Obviously one of the more prominent features of the nForce 790 series is the support for DDR3 memory. One of the bigger bottlenecks for a processors is actually memory bandwidth. What's memory bandwidth, you ask? Memory bandwidth is the actual rate at which data can be read or written into the memory by a processor.
Three factors are really important with memory bandwidth, bus width and frequency. The width of the interface (64-bits or 128-bit in dual-channel mode) or the frequency at which it transfers data. And then there's latency. DDR3 deals with the frequency mostly. See, any modern PC will likely run it's clock frequency at 667 or 800 MHz. With the Ultra version of the 790 mainboard and with some very expensive DDR3 memory, you are able to reach 2000 MHz and higher clock frequencies. That's a pretty drastic improvement. The nForce 790i Ultra SLI supports DDR3 memory at 2000 MHz straight out of the box, the nForce 790i SLI (without the Ultra) will offer DDR3 support up-to 1333 MHz.
Pretty exciting. You can understand though that dealing with such sensitive technology, overclocking will become increasingly different. That's why NVIDIA with the introduction of the 680 series launched EPP memory. And that's all about optimal memory frequency and timings (latency) setup at the flick if your fingers. Tweaking made easy. And that's where we land at version 2.0 of EPP.
EPP 2.0 A year and a half ago, NVIDIA released "SLI Ready" memory. A big success ever since the beginning. Personally I find it to be one of the coolest features of the nForce series. DDR2/DDR3 memory uses an SPD (Serial Presence Detect) chip to store its JEDEC certified timings and setup specifications on. Your mainboard reads this data and can setup the timings and voltages needed according to the memory specifications. Now a big part of that SPD chip on your memory is being written as ZERO; meaning it's largely unused space. That space is utilized it for you guys and offers better and more easy to use memory tweaks.
See, JEDEC specifications are standard timings, not exactly enthusiast presets. As most of us know, we can do a heck of a lot more with memory timings and frequencies than the rather safe JEDEC SPD settings your BIOS uses by default.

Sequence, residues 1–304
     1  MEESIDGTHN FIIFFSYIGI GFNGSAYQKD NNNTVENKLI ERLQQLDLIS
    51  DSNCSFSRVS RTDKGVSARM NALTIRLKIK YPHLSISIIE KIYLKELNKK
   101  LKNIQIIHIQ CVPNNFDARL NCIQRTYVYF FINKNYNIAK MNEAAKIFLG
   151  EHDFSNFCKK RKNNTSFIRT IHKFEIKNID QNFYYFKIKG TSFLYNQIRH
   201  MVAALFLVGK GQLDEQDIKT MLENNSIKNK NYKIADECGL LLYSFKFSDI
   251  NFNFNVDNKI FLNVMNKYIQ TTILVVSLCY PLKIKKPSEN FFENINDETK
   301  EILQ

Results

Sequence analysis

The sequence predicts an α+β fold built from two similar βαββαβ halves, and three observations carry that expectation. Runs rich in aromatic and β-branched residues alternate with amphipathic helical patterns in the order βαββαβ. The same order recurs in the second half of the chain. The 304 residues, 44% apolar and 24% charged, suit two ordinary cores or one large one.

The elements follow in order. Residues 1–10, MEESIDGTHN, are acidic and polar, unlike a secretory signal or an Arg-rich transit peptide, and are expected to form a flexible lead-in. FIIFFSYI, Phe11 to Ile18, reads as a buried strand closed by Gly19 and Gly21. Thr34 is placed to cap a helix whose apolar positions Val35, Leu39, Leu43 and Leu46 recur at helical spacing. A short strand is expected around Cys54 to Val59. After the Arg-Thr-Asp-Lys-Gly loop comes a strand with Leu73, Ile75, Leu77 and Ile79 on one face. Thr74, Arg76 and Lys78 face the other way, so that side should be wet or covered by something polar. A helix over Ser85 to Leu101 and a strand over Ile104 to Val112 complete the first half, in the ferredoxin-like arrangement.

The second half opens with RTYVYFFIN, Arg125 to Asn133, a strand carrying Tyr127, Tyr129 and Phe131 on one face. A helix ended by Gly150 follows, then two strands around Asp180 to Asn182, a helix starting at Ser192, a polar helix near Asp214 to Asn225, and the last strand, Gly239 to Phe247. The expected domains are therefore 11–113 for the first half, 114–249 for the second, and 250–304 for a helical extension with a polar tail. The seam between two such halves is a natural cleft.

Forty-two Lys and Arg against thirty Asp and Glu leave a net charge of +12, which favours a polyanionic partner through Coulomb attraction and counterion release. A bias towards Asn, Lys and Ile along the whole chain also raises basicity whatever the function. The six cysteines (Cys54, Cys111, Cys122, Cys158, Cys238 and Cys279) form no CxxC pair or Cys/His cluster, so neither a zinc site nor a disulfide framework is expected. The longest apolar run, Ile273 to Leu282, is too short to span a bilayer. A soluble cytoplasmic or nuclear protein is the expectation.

Once you overclock the system bus, your memory clock will run faster in MHz as well. A higher FSB usually means that we'll need slower timings and/or different voltages, and that kind of information could be stored into the SPD in several profiles.
So basically, additional non-JEDEC specified timings related towards a certain clock frequency or related to multipliers/dividers/voltages/drive strengths will be stored on that unused SPD space. This way that memory can be setup in a different way with the click of a button, or even better: Detected by your nForce 790i mainboard and set automatically. Now this is why you see NVIDIA slapped all over the memory; "SLI Ready" is a feature that can be found on the more expensive Series 6/7 NFORCE products from NVIDIA.
Ever since it was introduced, EPP (or SLI Ready memory) has been a success in the enthusiast market. With the introduction of nForce 790 comes EPP 2, the next generation of the commonly accepted EPP 1.0 specification, in short it's delivering better performance with DDR3 memory. NVIDIA nForce 790i Ultra SLI motherboards support EPP 2.0 modules that can run natively at 1,600 MHz, 1,800 MHz, and 2,000 MHz.
Now when you boot for the first time the mainboard will post at 1333 MHz on the DDR3 memory, this is the JEDEC specification. You'll actually need to go into the BIOS, and tag the EPP 2.0 option. It's a fool proof method of getting the best out of your DDR3 memory with a 790 mainboard. Obviously you can manage memory timings and everything related to it manually as well. This is just an extra feature. But EPP / EPP 2.0 is a good development.
We will be testing with Crucial Ballistix 2000 MHz 9-9-9-28 @ 1.9V. This memory hasn't even been announced yet and obviously this Ballistix line is specifically built for performance enthusiasts who want to push the performance envelope. It's EPP 2.0 ready and as we'll show you in our benchmarks later, rather sexy.
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